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Help for Gardeners from Greenbelt Public Works

posted in: Home and Garden

plastic pots

Recycling Plastic Pots
These are just some of the plastic pots I unwittingly acquired in April in my yearly fit of plant-buying. I gathered them here to wash them before looking for the least bad way to deal with them, feeling heartsick that plants come with plastic. Is there really no better way to package them?

But assuming for now that we’re stuck with them, what to do with the darn things? Fortunately, they’re accepted by Greenbelt’s recycling program, something that’s apparently unusual, though Prince George’s County seems to accept them, too. (NC State acknowledges that most recycling programs in NC don’t pick up this type of plastic and recommends places to take them, or in the alternative, re-using them.)

Greenbelters can just reference the Public Works Department’s handy Recycling Guide, which is where I found flower pots on the “accepted” list. So yay!

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Re-use is generally considered a better alternative, so I googled a bit and found that This Old House offers 10 ways to reuse them, though to me, they’re all a stretch.  And none of the “Garden Recycle“ ideas on Pinterest offered much help.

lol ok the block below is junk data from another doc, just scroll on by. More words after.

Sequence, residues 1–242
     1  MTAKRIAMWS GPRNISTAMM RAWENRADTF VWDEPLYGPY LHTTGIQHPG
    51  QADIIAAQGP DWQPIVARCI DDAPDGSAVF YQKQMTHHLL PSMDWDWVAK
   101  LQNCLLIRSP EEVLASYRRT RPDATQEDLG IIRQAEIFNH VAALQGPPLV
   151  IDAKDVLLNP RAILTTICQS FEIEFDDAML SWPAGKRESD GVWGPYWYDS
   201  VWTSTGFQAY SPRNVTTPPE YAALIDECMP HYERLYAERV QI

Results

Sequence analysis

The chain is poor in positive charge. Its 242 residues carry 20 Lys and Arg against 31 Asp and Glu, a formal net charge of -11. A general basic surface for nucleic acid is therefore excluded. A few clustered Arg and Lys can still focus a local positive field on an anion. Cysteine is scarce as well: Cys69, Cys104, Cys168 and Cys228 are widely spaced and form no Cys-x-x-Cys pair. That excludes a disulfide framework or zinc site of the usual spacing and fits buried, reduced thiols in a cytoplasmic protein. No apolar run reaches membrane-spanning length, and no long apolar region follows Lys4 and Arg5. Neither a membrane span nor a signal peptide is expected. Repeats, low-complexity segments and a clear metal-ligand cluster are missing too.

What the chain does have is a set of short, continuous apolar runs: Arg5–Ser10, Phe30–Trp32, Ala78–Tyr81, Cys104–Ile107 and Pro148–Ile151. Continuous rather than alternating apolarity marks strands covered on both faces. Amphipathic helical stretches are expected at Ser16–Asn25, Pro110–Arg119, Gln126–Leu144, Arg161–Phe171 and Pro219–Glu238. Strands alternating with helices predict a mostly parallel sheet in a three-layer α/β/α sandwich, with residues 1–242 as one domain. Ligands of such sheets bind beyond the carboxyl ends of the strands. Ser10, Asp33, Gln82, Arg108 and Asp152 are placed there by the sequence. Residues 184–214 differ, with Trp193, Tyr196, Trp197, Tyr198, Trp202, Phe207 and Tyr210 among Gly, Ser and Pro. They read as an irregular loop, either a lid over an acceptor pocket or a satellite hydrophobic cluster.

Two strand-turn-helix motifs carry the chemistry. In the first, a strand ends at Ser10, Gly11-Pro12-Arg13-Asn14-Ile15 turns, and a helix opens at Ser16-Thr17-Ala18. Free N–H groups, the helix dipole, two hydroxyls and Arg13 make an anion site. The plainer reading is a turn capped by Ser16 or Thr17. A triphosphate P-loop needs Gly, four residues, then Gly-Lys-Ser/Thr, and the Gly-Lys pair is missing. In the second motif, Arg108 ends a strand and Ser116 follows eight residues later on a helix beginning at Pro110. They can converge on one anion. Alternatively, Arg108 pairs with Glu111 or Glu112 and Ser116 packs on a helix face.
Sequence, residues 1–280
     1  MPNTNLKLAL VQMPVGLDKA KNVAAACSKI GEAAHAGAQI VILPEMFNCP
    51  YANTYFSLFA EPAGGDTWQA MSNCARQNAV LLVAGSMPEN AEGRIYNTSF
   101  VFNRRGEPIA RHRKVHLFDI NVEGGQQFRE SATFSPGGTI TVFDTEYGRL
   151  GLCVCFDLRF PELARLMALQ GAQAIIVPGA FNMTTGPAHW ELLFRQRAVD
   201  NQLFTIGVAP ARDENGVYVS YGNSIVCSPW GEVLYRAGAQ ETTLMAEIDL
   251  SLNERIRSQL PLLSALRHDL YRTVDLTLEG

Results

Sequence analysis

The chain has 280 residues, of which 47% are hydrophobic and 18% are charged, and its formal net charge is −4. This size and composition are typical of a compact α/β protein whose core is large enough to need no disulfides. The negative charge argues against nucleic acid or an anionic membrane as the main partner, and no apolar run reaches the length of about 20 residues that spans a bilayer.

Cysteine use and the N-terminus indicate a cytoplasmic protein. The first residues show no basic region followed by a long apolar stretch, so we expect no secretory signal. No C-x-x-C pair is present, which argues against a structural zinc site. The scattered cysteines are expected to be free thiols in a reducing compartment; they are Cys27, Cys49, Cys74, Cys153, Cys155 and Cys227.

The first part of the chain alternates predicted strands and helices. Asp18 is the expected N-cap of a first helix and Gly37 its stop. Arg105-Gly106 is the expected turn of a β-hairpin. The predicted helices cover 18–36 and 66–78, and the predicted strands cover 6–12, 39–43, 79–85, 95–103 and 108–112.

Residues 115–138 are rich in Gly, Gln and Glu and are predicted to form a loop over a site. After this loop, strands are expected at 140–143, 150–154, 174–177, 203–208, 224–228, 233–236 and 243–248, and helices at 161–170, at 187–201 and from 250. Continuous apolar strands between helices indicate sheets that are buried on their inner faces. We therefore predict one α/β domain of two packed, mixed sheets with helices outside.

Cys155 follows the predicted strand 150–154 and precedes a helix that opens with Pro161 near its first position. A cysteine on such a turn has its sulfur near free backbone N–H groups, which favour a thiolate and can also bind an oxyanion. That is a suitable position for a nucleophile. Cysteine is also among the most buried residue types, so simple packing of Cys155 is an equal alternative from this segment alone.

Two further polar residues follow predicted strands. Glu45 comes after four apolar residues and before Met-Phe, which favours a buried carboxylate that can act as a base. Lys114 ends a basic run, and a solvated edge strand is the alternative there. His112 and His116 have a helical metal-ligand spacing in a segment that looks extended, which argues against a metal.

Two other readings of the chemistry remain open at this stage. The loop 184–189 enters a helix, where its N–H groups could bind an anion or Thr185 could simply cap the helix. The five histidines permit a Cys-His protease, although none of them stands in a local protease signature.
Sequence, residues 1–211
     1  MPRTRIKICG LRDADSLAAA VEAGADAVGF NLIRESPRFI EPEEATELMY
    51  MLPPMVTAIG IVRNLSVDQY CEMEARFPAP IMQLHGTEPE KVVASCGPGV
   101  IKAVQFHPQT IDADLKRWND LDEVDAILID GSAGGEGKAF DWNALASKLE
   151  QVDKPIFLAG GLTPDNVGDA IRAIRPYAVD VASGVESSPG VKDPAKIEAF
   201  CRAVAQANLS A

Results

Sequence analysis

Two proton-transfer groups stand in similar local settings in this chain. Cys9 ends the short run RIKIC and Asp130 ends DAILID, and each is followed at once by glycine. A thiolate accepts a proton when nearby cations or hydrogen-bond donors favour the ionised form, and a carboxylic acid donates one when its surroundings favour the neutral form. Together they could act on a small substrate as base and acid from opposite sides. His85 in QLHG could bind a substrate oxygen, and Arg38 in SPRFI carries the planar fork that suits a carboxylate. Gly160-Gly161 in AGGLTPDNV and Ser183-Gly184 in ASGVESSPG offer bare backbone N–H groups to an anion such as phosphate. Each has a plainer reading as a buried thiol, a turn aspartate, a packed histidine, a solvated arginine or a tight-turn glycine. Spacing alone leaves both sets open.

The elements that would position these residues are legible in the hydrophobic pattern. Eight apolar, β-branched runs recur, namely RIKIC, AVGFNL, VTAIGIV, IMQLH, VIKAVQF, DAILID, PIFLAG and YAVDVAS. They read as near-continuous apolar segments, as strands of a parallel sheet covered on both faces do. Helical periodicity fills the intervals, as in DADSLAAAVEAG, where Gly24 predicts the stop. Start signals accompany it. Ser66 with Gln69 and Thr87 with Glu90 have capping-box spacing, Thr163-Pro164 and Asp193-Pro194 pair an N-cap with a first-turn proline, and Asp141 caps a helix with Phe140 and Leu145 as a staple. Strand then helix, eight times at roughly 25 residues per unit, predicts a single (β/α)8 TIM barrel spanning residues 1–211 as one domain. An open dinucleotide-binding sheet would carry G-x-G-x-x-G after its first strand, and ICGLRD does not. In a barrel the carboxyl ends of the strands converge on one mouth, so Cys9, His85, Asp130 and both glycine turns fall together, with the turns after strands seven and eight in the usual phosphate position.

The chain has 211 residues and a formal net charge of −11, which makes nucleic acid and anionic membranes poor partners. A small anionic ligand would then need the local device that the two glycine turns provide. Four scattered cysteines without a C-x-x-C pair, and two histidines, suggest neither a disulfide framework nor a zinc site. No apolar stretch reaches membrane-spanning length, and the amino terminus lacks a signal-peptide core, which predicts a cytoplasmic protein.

Yard Waste Pick-up is another way that Public Works helps Greenbelt gardeners.

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To flesh out the details in that notice, below are the sorts of containers that yard waste can be collected in for pick-up. So you can buy bags and stuff yard waste into them, or just fill up your plastic trash cans, buckets or large plastic containers.  They’ll be dumped and then left where you placed them, and in my experience there’s no need to label them as “yard waste,” as it’s pretty obvious.  (The “bins” here are filled with free mulch – more on that below.)

Bags or "bins" can be used.
Bags or “bins” can be used.

Free Mulch
While most new plants have to be purchased, not so that other regular input in a full and well-tended garden – mulch – and boy, was I relieved to discover piles of mulch for the taking here in Greenbelt after I moved here. I still buy the better-looking commercial stuff for high-visibility spots but for most of my garden and certainly for mixing into the soil, our free stuff is good enough. What’s a little shredded trash among friends?

There’s even a way to dump your own yard waste and gather mulch in the same trip, as I describe in this article.

 

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Finally, I discovered that lots of other yard waste – the non-vegetative types – will be picked up, for a separate fee.  I don’t know what they charge but it’s gotta be better than making a special trip to the landfill in Upper Marlboro.

Follow Susan Harris:
Susan started blogging about Greenbelt soon after moving here in 2012. Retired from garden writing and teaching, she continues to blog at GardenRant.com and direct Good Gardening Videos.org, a nonprofit, ad-free educational campaign.

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